A wargame, by my definition, is a game that simulates a military conflict or conflicts. Said conflicts may be historical (the most common), hypothetical (Nato: The Next War in Europe), or fictional (Starship Troopers).
Thus there are three qualifications a candidate must meet to be considered a wargame. 1) Game, 2) simulation, 3) of specific military conflict(s). Note also that each of these qualifications can be considered a sliding scale, where some candidates fulfill it unquestionably, some candidates are clearly excluded, but some are in between. Following are some examples of “in-betweeners.”
1) Game: this is the least common failing. However, if we say that part of the definition is “intended to be played,” we might say that Campaign for North Africa falls short in this aspect. It probably could be played; in fact, I’ve heard rumors of groups that have played it, but it’s exceedingly rare.
2) Simulation: this one is the hardest to agree on, with the largest gray area. Axis&Allies is clearly World-War-II-themed, but not much of a simulation. Memoir ’44 might score a little higher, Tide of Iron better yet, and so on. One should consider the designer’s attitude and approach as well as the game’s success as simulation.
3) Of Specific Military Conflict(s): Risk falls down here, since it simulates a generic military conflict, not a specific one. Here I Stand is a borderline case, since it does simulate military conflicts, but also political, diplomatic, and religious conflicts. The Napoleonic Wars, which is a close relative of Here I Stand, is more military in focus.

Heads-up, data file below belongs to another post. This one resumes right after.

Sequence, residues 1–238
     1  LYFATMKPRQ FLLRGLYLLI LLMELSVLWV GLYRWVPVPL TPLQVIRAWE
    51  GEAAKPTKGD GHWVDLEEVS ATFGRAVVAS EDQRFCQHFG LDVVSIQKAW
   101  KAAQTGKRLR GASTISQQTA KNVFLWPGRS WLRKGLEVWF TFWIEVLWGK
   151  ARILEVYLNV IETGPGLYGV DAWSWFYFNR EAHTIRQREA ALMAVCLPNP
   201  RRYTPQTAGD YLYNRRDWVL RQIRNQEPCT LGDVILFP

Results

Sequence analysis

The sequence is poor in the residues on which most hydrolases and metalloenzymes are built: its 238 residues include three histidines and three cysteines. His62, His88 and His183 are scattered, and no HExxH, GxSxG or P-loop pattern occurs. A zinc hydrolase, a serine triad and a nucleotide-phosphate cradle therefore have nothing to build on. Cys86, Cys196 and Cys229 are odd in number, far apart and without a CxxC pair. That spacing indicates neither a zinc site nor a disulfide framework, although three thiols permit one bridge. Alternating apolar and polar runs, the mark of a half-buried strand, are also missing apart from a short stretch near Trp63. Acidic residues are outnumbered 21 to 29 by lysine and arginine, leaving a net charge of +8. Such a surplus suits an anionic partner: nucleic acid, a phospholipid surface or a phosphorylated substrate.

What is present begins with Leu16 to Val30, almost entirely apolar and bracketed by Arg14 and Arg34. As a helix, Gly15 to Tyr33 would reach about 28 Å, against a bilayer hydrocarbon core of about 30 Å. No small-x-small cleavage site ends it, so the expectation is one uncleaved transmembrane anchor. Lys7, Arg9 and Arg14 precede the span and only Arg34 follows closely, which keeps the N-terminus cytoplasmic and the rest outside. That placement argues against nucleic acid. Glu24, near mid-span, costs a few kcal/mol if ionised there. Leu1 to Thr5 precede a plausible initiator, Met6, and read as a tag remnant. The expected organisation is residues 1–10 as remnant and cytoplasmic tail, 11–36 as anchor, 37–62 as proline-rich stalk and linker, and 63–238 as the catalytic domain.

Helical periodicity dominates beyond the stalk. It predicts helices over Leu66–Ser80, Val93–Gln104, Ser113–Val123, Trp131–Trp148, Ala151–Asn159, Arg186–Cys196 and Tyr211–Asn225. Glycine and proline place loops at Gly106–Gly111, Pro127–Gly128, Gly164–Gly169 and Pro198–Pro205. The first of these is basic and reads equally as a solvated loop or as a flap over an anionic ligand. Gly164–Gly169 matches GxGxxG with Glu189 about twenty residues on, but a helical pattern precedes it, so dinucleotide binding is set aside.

A particularly interesting case to me is Twilight Struggle, which is a frequently debated topic. It is clearly a game, and generally considered a good one (going by BGG rating). Is it a simulation? Well, the designer’s notes indicate that it’s not intended to be a perfect simulation, but I’d say it’s at least at minimal simulation-level; YMMV. Qualification #3, I think, is where it fails. The game includes military conflicts (very much abstracted), but the overall conflict being simulated is more of a political conflict than a military one.
Note that this is not a judgement of TS as a game; it’s actually one of my favorites. I just don’t think it’s quite a wargame, even though it shares a mechanism commonly associated with wargames (the card-driven-game technique.)
You could also take a different approach and try to evaluate the quality of a wargame based on its quality in each of the three areas: is it a fun game to play, does it produce believable results, and is it on an interesting topic?
A last thought: Wargames at the strategic or grand-strategic level are almost always going to include some political, economic, or diplomatic considerations. (They wouldn't be good simulations if they didn't.) I think it's worth considering which elements are there to support which. Is the main focus of the game military, with the diplomatic rules there to help keep the game within the realm of possibility? Or is it a political game with some military aspects?
This blog contains some musings on philosophy, games, and the philosophy of games. Feel free to comment; I'd like to provoke thoughtful discussion.
22 Nov 2011
- [+] Dice rolls